Personal • Group • Corporate. Seminars • Workshops • Groups
ReChanneling is dedicated to researching methods to alleviate symptoms of psychological dysfunction (neurosis) and discomfort that impact an individual’s emotional wellbeing and quality of life. It does this by targeting the personality through empathy, collaboration, and program integration. ReChanneling offers a paradigmatic approach to recovery utilizing scientific and historically and clinically practical approaches including proactive neuroplasticity, cognitive-behavioral therapy, positive psychology, and methods designed to compel the recovery and reinvigoration of self-esteem disrupted by the adolescent onset of dysfunction.
Physiological dysfunction and discomfort can result in functional impairment, which interferes with or limits one or more major life activities. Each impacts an individual’s emotional wellbeing and quality of life, and each is correctible through the same basic processes. The primary distinction between a dysfunction and discomfort is severity. A dysfunction is defined as a condition of sufficient duration to meet diagnosable criteria. ReChanneling advocates and supports the Wellness Model over the etiology-driven disease or medical model of mental healthcare.
Recovery Groups (Ten 2-hour sessions)
The objective of a Recovery Group is to provide the tools and techniques useful to proactive neuroplasticity through an individually targeted integration of proactive neuroplasticity via deliberate repetition of neural information (DRNI), cognitive-behavioral therapy’s behavior modification and positive psychology’s optimal functioning and subjective experience – developed through client trust, cultural assimilation, and therapeutic innovation. Supporting approaches include positive personal affirmations, affirmative visualization, and self-esteem recovery and revitalization.
Scientists refer to the process of neuroplasticity as structural remodeling of the brain. It’s what makes behavioral modification possible. All information notifies our neural pathways to modify, generating a correlated change in thought, behavior, and perspective.
DRNI (deliberate, repetitive neural information) is proactive neuroplasticity—the conscious, intentional repatterning of our neural network utilizing tools and techniques developed for the process. Proactive neuroplasticity through DRNI (direct repetitive, neural information) is the most potent and effective means of learning. Please review Proactive Neuroplasticity and Positive Behavioral Change.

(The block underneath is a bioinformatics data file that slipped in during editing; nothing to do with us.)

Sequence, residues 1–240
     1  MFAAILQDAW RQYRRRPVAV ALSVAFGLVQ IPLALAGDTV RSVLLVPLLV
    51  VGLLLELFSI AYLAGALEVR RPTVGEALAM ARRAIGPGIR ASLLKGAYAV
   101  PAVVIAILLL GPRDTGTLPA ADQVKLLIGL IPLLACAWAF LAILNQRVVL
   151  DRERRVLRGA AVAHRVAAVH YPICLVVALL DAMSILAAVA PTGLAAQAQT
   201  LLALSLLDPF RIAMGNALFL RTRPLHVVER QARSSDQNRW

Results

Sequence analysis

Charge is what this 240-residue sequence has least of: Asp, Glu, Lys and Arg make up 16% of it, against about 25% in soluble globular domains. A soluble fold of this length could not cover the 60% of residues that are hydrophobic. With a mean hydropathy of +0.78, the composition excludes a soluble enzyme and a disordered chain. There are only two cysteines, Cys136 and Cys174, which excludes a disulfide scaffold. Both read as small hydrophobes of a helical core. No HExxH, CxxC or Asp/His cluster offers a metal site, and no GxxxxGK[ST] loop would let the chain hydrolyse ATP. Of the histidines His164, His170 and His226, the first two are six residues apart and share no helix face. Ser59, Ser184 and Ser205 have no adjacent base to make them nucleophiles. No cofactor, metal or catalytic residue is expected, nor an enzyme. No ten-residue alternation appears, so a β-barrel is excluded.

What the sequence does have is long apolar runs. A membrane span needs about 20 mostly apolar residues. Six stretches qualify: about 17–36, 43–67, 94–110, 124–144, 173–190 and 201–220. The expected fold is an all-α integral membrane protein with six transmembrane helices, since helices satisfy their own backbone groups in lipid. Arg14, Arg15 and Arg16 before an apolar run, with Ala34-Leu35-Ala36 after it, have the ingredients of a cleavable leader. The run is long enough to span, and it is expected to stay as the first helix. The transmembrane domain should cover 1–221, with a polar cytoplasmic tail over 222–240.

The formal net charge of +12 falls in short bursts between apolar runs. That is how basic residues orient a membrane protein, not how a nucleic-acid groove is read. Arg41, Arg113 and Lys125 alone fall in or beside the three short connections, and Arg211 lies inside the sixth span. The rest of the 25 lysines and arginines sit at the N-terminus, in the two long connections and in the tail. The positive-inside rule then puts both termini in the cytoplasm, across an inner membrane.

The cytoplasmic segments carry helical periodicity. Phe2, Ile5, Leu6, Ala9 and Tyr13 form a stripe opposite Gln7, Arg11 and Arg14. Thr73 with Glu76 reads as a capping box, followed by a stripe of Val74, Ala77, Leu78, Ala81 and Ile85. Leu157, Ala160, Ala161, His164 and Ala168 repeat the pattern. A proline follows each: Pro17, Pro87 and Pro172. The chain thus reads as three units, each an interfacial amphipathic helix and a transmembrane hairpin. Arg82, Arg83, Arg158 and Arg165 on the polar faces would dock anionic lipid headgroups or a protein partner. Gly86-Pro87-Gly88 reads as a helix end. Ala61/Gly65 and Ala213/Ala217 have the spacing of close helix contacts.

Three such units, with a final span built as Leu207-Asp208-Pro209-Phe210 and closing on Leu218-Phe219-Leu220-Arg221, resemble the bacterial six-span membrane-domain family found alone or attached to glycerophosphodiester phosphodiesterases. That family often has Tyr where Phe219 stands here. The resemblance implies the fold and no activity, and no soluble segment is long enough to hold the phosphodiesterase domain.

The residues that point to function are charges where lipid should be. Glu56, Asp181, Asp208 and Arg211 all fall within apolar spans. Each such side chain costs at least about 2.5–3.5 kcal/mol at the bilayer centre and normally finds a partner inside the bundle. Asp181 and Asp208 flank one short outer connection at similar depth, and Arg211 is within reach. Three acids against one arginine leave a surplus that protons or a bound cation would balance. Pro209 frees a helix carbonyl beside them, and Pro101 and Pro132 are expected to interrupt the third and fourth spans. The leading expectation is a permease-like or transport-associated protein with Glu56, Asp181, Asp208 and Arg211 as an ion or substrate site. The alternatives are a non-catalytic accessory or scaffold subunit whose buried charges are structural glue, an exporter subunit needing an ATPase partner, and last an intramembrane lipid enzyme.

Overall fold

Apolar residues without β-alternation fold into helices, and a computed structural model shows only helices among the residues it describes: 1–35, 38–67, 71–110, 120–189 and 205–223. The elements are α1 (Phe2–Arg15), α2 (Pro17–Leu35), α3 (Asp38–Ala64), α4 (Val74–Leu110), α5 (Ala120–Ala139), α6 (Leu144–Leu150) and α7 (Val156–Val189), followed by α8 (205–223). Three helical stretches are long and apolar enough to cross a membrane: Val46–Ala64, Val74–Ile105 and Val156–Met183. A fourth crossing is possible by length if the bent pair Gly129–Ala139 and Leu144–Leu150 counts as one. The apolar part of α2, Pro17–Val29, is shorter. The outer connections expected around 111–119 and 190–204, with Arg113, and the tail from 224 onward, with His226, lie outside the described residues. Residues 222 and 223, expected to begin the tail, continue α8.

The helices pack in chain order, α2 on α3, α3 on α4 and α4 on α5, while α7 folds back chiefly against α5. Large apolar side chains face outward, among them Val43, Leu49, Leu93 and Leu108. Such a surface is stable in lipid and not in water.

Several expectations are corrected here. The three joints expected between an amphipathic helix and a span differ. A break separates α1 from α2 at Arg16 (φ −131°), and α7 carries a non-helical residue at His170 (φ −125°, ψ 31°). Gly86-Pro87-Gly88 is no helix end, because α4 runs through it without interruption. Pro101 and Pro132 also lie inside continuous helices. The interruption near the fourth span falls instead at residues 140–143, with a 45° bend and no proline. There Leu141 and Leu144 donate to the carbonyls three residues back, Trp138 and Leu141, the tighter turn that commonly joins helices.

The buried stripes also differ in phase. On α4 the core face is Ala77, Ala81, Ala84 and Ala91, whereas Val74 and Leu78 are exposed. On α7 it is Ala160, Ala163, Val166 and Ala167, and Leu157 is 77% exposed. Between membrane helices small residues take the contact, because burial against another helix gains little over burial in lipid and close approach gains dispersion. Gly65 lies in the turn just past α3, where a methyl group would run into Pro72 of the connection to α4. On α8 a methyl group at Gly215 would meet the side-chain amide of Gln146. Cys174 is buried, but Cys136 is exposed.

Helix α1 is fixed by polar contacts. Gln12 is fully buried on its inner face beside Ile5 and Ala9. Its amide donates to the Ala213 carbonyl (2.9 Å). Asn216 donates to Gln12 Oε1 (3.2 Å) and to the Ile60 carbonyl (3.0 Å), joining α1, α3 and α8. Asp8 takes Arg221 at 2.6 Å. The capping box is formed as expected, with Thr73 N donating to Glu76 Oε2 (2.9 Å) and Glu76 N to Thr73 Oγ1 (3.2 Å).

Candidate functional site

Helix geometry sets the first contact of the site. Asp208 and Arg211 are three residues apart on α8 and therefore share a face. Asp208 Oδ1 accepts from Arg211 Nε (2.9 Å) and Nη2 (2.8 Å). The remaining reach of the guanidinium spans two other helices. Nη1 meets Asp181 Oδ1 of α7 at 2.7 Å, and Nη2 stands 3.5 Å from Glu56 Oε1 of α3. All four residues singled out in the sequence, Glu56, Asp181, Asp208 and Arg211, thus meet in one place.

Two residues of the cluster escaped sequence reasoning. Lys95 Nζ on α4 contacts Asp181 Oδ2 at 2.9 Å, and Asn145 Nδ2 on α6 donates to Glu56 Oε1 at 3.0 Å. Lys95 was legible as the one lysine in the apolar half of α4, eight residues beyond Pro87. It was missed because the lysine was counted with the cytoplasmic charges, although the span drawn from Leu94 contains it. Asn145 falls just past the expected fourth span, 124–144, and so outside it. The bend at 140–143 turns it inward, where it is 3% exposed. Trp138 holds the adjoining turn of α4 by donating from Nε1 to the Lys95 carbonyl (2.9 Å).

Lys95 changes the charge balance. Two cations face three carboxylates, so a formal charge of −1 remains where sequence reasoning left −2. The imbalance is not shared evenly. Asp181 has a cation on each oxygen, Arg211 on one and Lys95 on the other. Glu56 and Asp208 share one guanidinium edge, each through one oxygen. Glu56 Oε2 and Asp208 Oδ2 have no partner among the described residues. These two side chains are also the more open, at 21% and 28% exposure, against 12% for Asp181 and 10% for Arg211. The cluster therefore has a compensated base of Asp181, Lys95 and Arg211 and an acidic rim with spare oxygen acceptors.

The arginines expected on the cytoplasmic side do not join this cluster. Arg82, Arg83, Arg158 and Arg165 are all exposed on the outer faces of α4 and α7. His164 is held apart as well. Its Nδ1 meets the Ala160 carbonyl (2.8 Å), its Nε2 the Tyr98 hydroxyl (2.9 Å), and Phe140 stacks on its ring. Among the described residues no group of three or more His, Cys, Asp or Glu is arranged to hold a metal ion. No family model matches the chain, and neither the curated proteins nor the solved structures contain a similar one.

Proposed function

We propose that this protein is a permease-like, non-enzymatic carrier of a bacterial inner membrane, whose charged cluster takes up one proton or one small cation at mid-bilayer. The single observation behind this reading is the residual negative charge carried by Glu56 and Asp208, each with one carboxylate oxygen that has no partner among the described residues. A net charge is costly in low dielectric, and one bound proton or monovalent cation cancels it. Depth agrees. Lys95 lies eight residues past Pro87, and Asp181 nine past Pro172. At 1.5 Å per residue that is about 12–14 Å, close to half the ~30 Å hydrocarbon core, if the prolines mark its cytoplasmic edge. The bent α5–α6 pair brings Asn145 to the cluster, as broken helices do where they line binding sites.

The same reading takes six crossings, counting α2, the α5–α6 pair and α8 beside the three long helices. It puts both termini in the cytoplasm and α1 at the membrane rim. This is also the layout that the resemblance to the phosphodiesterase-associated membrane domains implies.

The ultimate objectives of the recovery group are:
- To provide the tools and techniques to replace years of toxic thoughts and behaviors with rational, healthy ones, dramatically alleviating the self-destructive symptoms of anxiety, depression, social anxiety disorder, and other physiological dysfunctions.
- To compel the recovery and reinvigoration of the individual’s character strengths, virtues, and attributes.
- To guide the group through a behavioral modification process that will help the individual find personal value and significance and re-engage their social status.
- To provide the individual the means to control their dysfunction, rather than allowing it to control them.
There are five steps to an effective platform of recovery:
- Blueprinting a program approach that targets the subject’s personality.
- Cognitively implementing the program’s techniques and mechanisms (core work).
- Restructuring the neural network via neuroplasticity.
- Behaviorally exposing the individual to perceptually harmful situations.
- Continuing the process for at least one year to achieve recovery-remission.
The individual’s need for facilitator support will exponentially diminish but will remain available throughout the recovery process and beyond if warranted.
Addressing the complexity of the individual personality demands integrating multiple traditional and non-traditional approaches, developed through client trust, cultural assimilation, and therapeutic innovation. Any recovery program must the subject’s environment, hermeneutics, history, and autobiography in conjunction with her or his wants, needs, and aspirations. Absent that, their complexity is not valued, and the treatment is inadequate. A working platform showing encouraging results for most disorders integrates positive psychology’s optimum human functioning with CBT’s behavior modification, and neural restructuring via proactive neuroplasticity – the deliberate, repetitive neural [input of] information input (DRNI).
Workshops and practicums will resume post-pandemic. Individual support is available to a select few.
Neuroscience and Happiness: A Guide to Neuroplasticity and Positive Behavioral Change
A Four-Part Course offered by Academia.edu. LINK
Neuroplasticity is the scientific evidence of our brain’s adaptation to learning. By deliberately enhancing the process, we can proactively transform our thoughts, behaviors, and perspectives, creating healthy new mindsets, skills, and abilities. All experience notifies our neural pathways to restructure, generating a correlated change in behavior and perspective. This course demonstrates how information creates the electrical activity that restructures our neural network. The deliberate, repetitive neural input of information strengthens and solidifies the connections between neurons, dramatically accelerating and solidifying learning through synaptic neurotransmission.